Types of Audits
The primary purpose of a financial audit is to render an opinion on whether the City’s financial statement reports are presented fairly in conformity to applicable generally accepted accounting standards. State law requires the City’s financial statements be audited annually by external auditors who are Certified Public Accountants (CPA) and independent of City functions. The City procures and contracts with CPA firms licensed by the State of California to perform financial audits.
Reports of financial audits focus on reporting the financial condition of the organization. Financial statement reports of government organizations are required to conform to Government Finance Officer’s Association requirements. Audits of governmental financial statements are performed in accordance with Government Audit Standards and include reports on internal controls, and compliance with laws and regulations.
Performance audits are defined as engagements that provide assurance or conclusions about processes and programs. Assurances and conclusions are based on evidence that compare a program or process performance against stated criteria. Stated criteria include, but are not limited to: specific requirements, established performance measures or best business practices. Often, our audit objectives focus on performance measures, and then use those measures to determine whether a program is achieving its goals and objectives.
Audit reports will make conclusions based on evidence of program effectiveness. When the auditor’s findings identify problems that need corrective action, recommendations are made to improve the program. Reports also include perspectives of officials responsible for the process or program being audited and their corrective action plans. Normally, follow-up audit work is performed to assure corrective action plans are performed within a prescribed time period.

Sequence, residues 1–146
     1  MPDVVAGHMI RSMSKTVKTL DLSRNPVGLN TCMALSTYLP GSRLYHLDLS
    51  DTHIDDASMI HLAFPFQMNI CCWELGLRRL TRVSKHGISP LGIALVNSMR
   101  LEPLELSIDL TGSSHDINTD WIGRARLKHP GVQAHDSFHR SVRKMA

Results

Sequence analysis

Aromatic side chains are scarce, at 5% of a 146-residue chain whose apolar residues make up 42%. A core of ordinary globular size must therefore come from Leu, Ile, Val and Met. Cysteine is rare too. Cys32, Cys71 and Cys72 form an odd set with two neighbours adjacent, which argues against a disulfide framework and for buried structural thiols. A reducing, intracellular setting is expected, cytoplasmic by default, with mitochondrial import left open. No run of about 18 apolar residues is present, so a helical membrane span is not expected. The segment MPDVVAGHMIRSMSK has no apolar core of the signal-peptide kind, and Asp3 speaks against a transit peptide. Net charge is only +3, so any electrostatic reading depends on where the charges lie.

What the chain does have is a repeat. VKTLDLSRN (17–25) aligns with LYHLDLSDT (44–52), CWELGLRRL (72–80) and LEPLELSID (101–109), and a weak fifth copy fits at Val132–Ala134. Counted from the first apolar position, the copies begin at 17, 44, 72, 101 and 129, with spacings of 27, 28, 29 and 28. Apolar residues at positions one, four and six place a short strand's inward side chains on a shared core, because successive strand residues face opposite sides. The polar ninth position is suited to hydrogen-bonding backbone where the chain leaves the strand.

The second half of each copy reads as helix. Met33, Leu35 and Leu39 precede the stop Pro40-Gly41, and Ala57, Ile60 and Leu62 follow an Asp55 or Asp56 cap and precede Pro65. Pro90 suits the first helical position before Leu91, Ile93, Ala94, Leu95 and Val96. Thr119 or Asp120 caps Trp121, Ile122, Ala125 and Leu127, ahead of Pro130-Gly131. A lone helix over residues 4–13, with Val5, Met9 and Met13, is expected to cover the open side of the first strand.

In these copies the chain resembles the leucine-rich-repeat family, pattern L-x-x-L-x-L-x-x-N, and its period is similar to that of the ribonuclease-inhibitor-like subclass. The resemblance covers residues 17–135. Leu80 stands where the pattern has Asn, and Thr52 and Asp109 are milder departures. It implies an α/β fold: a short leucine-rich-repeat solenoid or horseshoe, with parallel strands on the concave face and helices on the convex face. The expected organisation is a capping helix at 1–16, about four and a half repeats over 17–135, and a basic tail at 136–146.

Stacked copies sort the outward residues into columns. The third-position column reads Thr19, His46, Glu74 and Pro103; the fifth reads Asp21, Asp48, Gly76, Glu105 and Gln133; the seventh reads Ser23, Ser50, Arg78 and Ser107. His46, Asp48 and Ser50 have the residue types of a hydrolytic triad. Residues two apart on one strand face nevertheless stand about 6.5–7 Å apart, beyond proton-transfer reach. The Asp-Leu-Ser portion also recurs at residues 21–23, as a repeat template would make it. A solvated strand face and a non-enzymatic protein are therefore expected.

Other Audit Work
Attestation engagements cover a broad range of financial or non-financial objectives and provide different levels of assurance or assertion depending upon the needs of the user. Although not technically considered audits, government auditing standards and the American Institute of Certified Public Accountants (AICPA) have established standards and provide guidance as to how attestation engagements should be conducted. External auditors are more likely to conduct attestation engagement; however, internal auditors may also perform attestation engagements.
Professional services offered by the City Auditor to City departments not considered audits or attestation engagements are defined as non-audit services. Government audit standards do not cover non-audit services and auditors cannot cite in reports that non-audit services are conducted in accordance with government auditing standards. Generally, non-audit services involve technical advice given to City departments in non-audit areas.